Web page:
Še-numun / Šu-numun

Še-numun / Šu-numun "The Month of Barley Seed"

The Summer Solstice marks the mid point of summer. This is known to many as the ‘longest day’ of the year, as it is the day that provides the most daylight than any other in the year. This is because the tilt of the Earth’s axis on this one day of the year is most aligned with the sun.

The term 'solstice' itself derives from the Latin word 'solstitium', meaning 'sun standing still'. Astrologers say the sun seems to 'stand still' at the point on the horizon where it appears to rise and set, before moving off in the reverse direction. Pagans of many paths have always believed the summer solstice, also known as midsummer as it was the midpoint of the growing season in their agricultural calendar, holds a special power.

To Sumerians the Summer Solstice marks the lead in to the month of Še-numun, which begins on the first new moon after the Summer Solstice, their calendar being lunar as opposed to solar. The Summer Solstice, then, would be the point when preparations for the month ahead would begin, with Še-numun beginning properly on the first day after the new moon’s appearance. Like the Summer Solstice, Še-numun was also an important time in the agricultural calendar. Še-numun was the fourth month in the Nippurian Calander.

In ancient Nippur during the Third Millennium BCE this month was focused on preparation of the fields, and culminating in their seeding, therefore the cultic practices and observations during this month were focused on agricultural festivals. The month of Še-numun is when the actual plowing would take place, beginning on the date of the A-ki-ti Še-numun festival on the 8th day of the month, with plowing going on for four months until the festival on the month of Apin-du-a.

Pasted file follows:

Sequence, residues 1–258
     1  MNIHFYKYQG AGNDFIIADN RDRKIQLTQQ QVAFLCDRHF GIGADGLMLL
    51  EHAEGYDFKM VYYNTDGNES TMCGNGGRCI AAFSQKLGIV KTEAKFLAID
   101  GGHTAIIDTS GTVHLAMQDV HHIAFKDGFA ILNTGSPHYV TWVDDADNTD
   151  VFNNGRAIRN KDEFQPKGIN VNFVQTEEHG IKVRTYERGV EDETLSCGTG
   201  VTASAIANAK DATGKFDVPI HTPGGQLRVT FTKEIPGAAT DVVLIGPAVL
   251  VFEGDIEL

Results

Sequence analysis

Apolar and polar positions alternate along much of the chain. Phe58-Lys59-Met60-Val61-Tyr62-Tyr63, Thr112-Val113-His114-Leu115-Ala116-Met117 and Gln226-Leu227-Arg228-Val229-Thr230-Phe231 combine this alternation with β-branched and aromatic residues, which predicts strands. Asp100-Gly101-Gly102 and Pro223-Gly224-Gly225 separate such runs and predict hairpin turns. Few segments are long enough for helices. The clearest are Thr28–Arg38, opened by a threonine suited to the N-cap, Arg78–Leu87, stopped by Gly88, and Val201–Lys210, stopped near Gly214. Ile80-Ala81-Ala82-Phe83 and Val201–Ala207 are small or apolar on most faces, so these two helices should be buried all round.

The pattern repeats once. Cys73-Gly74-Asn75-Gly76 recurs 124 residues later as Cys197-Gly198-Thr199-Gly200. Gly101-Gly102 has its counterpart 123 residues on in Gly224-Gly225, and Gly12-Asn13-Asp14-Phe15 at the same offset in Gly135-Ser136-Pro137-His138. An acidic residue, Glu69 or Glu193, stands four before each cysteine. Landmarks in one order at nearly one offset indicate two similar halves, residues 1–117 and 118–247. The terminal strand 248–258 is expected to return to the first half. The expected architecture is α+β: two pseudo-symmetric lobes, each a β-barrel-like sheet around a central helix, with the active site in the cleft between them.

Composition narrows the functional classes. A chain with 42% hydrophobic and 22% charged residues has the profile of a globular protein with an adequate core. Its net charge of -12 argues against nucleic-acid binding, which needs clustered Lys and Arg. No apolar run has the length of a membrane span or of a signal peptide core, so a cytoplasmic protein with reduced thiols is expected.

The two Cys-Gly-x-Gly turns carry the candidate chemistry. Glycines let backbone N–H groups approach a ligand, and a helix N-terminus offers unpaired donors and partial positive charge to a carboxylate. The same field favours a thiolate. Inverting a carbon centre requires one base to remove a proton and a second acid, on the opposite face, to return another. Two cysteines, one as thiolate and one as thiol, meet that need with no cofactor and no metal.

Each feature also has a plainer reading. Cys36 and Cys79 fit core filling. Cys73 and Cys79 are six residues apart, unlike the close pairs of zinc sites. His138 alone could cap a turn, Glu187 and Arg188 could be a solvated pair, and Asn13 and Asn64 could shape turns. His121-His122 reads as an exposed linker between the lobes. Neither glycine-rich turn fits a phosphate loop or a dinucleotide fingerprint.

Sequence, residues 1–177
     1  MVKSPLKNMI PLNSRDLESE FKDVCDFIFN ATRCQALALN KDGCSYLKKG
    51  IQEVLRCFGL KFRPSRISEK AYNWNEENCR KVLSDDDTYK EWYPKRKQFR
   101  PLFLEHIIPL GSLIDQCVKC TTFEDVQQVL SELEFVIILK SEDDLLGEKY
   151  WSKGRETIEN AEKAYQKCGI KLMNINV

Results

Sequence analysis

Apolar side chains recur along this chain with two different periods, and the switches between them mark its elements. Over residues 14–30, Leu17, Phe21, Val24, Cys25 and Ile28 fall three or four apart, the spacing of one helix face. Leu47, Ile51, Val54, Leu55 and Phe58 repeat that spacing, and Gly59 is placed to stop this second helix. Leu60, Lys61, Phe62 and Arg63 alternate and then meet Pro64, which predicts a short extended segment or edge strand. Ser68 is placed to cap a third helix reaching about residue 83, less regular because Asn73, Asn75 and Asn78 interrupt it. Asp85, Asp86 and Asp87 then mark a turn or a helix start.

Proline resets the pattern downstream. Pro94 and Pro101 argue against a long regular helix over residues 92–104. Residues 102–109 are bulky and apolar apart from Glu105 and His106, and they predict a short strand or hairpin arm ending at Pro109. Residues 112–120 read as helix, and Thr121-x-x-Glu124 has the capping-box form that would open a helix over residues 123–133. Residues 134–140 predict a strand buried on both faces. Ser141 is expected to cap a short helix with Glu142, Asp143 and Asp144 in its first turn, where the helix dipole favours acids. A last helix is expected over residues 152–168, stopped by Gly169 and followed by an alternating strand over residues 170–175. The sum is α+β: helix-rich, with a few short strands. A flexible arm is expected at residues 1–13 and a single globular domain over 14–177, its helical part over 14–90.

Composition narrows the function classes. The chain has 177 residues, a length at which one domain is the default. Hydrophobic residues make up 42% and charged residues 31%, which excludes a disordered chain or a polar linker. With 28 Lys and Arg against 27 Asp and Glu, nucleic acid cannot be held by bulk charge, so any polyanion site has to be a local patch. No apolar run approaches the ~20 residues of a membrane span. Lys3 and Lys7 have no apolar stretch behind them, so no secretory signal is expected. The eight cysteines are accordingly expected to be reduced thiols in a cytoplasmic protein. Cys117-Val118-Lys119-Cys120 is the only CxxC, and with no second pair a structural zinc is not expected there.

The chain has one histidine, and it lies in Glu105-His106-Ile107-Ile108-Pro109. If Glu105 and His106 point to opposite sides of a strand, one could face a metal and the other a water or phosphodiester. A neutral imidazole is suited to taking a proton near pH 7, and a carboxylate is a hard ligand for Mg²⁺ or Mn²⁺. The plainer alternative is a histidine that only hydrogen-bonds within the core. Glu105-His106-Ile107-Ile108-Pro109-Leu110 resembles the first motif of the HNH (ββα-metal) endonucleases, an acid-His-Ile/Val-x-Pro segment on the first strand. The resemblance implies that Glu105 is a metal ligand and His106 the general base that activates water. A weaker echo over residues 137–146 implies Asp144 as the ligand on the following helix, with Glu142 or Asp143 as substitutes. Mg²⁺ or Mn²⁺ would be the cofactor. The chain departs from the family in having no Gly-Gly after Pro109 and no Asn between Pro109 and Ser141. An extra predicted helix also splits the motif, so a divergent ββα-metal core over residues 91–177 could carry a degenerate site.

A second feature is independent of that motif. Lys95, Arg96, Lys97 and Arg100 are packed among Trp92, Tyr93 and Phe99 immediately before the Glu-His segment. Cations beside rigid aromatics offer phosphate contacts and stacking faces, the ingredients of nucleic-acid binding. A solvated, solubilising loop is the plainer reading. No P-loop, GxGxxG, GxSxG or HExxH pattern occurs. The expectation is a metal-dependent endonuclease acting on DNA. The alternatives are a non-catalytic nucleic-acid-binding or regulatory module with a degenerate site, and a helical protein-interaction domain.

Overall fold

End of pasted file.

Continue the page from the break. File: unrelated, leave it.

The most famous piece of literature set around this time is “The Dispute between the Plow and the Hoe”, in which the seeder plough boasts “my festival, in the month of Šu-numun, is when the fields are worked”. The Hoe then brags that it is used all year round, whereas the Plow is only used for four months, and then put away. This verse indicated the Plow was only used between months four and eight of the calendar, which would make sense since, month eight ‘Apin-du-a’ meaning ‘The month the seed plow is let go’.

There were four main phases in the agricultural cycle for the Sumerians. First, acquisition, removal from storage and retooling of equipment, and acquisition of animals to pull it, which took place in the second month of Ezem Gusisu. This was marked by gu-si-su festival. Second, preparation of fields to get ready for the actual seeding took place during the fourth month of Še-numun. This was started with the a-ki-ti Še-numun festival. Third, early and late seeding which occurred in what we might think of as the fall. Fourth and finally, the actual harvesting in the twelfth month of the year. This was marked by the Še-kig-ku festival.

From the Second Millennium BCE, following on from the fall of Ibbi-Sin of Ur, and during the reign of Isbi-Erra, a unification of Sumer was taking place, and the Calendar of Nippur was adopted throughout most of Southern Mesopotamia. During this time the month of Šu-numun would be adopted into the Calendars of Ur, Larsa, Umma, Lagash, and most of the other cities of Sumer.

Cultic Dates

1st day of this month (25th June) – The ‘Festival of the Canebrake’ would be observed. The canebrake was one of the locations where the dead, wrapped in a shroud, were released. It should be noted that in Southern Sumer there were two methods of burial, of which little is known. The first type, much like that of today’s burial practices was in the ground, the second of which was known as “laying the body in the reeds of Enki”, which may have denoted the wrapping of the body in a ritual shroud, and taking it into the river or marshes, and floating the body into the canebrakes.